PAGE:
Fashion was foremost at Dallas' annual denim jacket auction benefiting the Design Industries Foundation Fighting AIDS.
At its runway show Saturday night, the charity showed 135 Levi's jackets embellished by various designers over spring fashions supplied by Neiman Marcus, Escada, Michael Faircloth, Daniel Swarovski and Forty-Five Ten.
The style differed from DIFFA shows in recent years, when the jackets have been modeled with theatrical costumes and headdresses in themed runway scenes.
"It took up the wearability of what we sell, because it made it look more like fashion and less like costume," said Todd Fiscus, who chaired and produced the show and also runs a local event production firm called Two Design Group. "But we did do the 'Moulin Rouge' scene and a heavy rock scene."
The sale of the jackets has proven an effective fund-raiser for the charity, and this year's DIFFA Dallas Collection is expected to net about $400,000 to support AIDS service organizations in North Texas.
True to its organizers' passion for a lively production, the show was no less dramatic than previous extravaganzas, highlighted this year by a 50-piece on-stage orchestra, indoor fireworks and closing songs performed by R&B singer Martha Wash. Hosted by TV personality Leeza Gibbons, the event's theme was "Pure," representing DIFFA's focus on helping people living with HIV and AIDS.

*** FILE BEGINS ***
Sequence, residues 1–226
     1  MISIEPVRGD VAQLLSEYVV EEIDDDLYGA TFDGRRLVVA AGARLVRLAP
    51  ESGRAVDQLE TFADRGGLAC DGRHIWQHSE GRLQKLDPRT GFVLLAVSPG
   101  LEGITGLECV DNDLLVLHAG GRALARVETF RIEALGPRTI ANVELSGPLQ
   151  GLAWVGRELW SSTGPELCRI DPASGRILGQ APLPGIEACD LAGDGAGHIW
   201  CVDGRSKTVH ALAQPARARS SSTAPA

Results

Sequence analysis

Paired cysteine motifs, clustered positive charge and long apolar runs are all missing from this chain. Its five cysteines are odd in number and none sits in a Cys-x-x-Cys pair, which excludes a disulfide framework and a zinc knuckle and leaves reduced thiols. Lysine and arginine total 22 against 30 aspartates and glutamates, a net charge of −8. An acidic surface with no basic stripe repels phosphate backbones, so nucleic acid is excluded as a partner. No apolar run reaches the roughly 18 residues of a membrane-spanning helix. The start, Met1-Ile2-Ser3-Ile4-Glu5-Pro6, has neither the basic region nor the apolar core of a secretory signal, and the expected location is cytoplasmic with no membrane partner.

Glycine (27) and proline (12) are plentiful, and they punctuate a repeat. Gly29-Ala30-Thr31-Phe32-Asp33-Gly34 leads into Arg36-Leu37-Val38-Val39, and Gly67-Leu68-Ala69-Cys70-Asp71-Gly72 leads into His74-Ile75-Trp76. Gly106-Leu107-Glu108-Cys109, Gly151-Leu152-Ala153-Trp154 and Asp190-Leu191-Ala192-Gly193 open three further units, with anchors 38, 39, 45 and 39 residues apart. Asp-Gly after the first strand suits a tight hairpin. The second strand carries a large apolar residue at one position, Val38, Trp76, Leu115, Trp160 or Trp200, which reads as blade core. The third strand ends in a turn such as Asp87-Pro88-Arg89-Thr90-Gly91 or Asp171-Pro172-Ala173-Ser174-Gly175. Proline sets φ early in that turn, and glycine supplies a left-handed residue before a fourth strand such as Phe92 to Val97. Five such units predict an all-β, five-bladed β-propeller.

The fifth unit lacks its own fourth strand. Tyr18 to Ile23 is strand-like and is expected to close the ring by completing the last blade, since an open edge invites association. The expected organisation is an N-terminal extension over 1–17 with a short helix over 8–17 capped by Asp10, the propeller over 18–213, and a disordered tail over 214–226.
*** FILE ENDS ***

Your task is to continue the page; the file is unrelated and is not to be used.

The festive show and dinner drew more than 1,300 people to the Great Hall of the International Apparel Mart, including Allen Questrom, chairman and chief executive officer of J.C. Penney Co., and his wife, Kelli, the event's honorary chairs.
Kelli Questrom told the crowd she had been unable to persuade her husband to join her at the podium.
"He said this was a bigger boardroom than he was used to," she joked.
For the second year running, local designer Michael Faircloth styled the top-dollar jacket. He sewed a black leather jacket with denim trim adorned with glittering pave-diamond white gold buttons supplied by Vivid Collection. He sewed that jacket overnight, to replace a similar style in seal fur that generated controversy when it was shown on local television last week in a preview of the DIFFA auction.
"I think that all anyone really wants in life is to have people understand us for who we actually are, despite everything," says Ruth Negga. The actress talks "Preachers" season 2 and more on WWD.com. #wwdeye (📷: Dan Doperalski)
"That's something that resonates with me too because I'm so locked into a number. If I go over that number it completely ruins my day so it's nice to get detached from the number on the scale." - Chelsea Handler on Kelly LeVeque's book "Body Love." #wwdeye (📷: John Salangsang)